Live Texts: Day 11 of Election Petition

1020: Panel of nine judges take their seat at the Supreme Court to begin Day 11 of the substantive hearing of Presidential Election Petition.

Counsel for the four parties take turns to introduce their team of lawyers to the bench.

Bawumia takes his seat in the witness box, to continue four days of cross-examination by Counsel for the third respondent, Tsatsu Tsikata.

Bawumia is reminded of the oath he swore when he first mounted the witness box.


1030 Presiding Judge William Atuguba asks why the counsel on all sides did not sit to sort out the debacle on the pink sheet duplications before hearing began. He says the court will put its foot down if their advice is not taken.

One of the judges take serious exceptions to a phrase which described judges as “timid.” Whilst he did not mention any name, Myjoyonline.com can safely assume the learned judge is talking about an article written by Gabby Asare Otchere Darko in the wake of the ruling given by the judges in the Bernard Mornah case. Gabby described the judges ruling as “timid.”

Counsel on all sides accept the query from the judge and agree to be circumspect in their utterances.

1035 Tsatsu Tsikata continues his cross-examination. He tenders in a polling station exhibit in which he says there are no exhibit numbers.

Another warning from another judge.

As Bawumia looks through the exhibit given him, one of the judges issues another warning that the air-condition in the court must never be switched off. She says if the people who come to the court to watch proceedings feel cold they should be properly dressed the next time they come to court and stop suffocating them by putting the air-conditioners off.

Bawumia continues perusing the exhibit pink sheets given him by Tsatsu Tsikata.


1055 The presiding Judge Atuguba issues another stern warning to lawyers and journalists to be accurate in their reports of proceedings in court. He cites a typical case of the Benoni Amekudzi incident and accuses some lawyers, journalists of misreporting what actually happened. He says the court wants to be liberal but warns they will be forced to take action if they are taken for granted.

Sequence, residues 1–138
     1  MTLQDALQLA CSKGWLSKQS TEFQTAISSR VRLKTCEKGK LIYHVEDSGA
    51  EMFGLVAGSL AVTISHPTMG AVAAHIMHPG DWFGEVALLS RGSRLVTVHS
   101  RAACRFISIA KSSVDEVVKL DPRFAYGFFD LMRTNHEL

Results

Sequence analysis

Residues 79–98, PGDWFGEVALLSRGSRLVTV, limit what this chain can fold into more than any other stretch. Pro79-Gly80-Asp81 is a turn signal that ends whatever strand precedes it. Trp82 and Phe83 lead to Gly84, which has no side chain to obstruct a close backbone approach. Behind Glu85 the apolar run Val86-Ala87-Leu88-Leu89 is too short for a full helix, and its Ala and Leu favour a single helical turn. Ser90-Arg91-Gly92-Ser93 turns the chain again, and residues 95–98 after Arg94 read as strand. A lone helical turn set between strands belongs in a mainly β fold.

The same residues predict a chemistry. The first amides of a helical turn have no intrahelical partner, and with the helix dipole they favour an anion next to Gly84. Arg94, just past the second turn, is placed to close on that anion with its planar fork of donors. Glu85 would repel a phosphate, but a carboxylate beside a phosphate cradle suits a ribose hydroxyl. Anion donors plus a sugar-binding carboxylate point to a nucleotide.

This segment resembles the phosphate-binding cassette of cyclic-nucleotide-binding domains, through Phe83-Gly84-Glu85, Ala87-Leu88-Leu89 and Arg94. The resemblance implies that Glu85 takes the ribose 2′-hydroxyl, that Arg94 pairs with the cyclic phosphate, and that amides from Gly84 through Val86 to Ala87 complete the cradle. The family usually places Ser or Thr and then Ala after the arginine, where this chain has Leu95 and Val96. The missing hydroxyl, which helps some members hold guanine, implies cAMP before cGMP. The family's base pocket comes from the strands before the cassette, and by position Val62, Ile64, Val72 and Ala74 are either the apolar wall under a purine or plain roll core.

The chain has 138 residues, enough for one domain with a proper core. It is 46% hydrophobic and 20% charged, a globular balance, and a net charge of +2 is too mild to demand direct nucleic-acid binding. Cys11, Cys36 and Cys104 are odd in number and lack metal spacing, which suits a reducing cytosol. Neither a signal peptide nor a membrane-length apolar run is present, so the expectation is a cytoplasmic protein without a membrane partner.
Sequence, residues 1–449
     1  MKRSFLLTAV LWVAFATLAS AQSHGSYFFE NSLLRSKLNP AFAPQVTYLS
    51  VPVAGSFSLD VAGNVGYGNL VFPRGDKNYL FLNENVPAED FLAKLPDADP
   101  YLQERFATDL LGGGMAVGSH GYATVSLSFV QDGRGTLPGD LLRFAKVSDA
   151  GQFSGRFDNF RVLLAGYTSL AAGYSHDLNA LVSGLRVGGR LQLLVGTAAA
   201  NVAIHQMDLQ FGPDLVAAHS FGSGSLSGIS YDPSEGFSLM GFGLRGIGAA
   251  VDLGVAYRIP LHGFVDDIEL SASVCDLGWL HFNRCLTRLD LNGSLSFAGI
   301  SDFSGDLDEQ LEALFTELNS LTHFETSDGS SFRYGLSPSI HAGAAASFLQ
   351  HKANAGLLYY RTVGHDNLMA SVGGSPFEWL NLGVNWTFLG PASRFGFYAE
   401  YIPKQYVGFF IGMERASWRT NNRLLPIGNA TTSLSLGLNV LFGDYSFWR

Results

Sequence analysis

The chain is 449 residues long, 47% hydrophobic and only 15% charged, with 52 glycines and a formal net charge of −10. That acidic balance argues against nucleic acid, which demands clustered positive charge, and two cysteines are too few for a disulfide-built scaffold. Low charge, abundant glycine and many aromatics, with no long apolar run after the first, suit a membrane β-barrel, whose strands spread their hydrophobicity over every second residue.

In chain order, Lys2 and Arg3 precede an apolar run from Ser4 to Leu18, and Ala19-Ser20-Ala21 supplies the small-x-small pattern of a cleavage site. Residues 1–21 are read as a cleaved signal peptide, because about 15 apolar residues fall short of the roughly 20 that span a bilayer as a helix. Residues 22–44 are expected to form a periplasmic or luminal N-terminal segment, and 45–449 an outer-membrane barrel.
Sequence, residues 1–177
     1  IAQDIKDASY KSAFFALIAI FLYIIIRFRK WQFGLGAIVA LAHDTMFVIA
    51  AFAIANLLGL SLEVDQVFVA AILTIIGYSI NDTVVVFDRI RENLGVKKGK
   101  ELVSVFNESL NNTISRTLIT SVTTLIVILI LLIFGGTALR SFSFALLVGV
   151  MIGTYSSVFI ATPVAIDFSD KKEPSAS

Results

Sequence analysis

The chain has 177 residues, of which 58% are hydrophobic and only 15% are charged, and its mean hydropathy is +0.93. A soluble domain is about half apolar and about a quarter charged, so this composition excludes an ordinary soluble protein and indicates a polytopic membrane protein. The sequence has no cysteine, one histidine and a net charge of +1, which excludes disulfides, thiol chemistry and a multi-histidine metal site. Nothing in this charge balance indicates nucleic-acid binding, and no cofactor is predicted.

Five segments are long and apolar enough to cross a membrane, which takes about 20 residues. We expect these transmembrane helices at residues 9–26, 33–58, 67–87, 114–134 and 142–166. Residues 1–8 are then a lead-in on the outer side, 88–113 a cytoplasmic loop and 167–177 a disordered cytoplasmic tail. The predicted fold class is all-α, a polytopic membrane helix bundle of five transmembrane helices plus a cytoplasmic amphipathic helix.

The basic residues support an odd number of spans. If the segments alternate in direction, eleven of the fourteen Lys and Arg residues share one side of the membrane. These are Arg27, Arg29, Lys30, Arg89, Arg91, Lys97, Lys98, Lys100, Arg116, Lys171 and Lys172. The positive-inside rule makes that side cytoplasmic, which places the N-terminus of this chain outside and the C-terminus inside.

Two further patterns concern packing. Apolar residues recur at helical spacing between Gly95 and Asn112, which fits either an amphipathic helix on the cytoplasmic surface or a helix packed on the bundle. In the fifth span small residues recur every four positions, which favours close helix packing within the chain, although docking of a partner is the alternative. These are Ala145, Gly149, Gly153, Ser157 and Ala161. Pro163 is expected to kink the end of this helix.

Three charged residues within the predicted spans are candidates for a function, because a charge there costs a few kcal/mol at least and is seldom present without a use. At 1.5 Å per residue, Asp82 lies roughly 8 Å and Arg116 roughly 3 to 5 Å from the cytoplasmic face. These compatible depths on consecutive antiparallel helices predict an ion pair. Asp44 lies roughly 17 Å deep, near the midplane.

Tsikata continues his cross examination. He asks witness to look at the last three of 76 pink sheet exhibits given to him and tell the court whether the pink sheets were manually generated; whether the NPP had polling agents in those polling stations and whether or they signed.

Bawumia says the last two were manually generated and that the NPP polling agents were present and signed.

Tsikata points out to the witness, one of the pink sheets which has no exhibit number and finds out from him why there is no number.

Bawumia concedes there is no exhibit number but cannot explain why. He says the pink sheet ought to have an exhibit number but he surprised there is none.

Tsikata continues by providing another list of 38 polling station exhibits which he says have been duplicated but this time with different exhibit numbers. He asks witness to confirm if there were polling agents from the NPP and whether or not they signed.

Bawumia, after perusing the documents confirms there were duplicates but says for the avoidance of doubt none of the duplicates pink sheets was used more than once in the analysis. He also says the polling agents signed to attest what ever happened at the polling station on the pink sheet.

Commissioner of Oaths signature

Tsatsu makes a case on the failure by the Commissioner of Oath to sign and stamp copies pink sheet exhibits ans ask witness if he was present through out the process of the Commissioner. Tsikata avers that about 70 per cent of the exhibits brought by the petitioners were not stamped. He says the peyitioners submitted to the court “a jumble of paper with mislabelings, duplications and quadruplication.” He says the court had ordered the petitioners to provide polling station exhibits of 11,916 but the number of exhibits provided was way below what the court ordered and that they duplicated and triplicated the pink sheets to make up the number.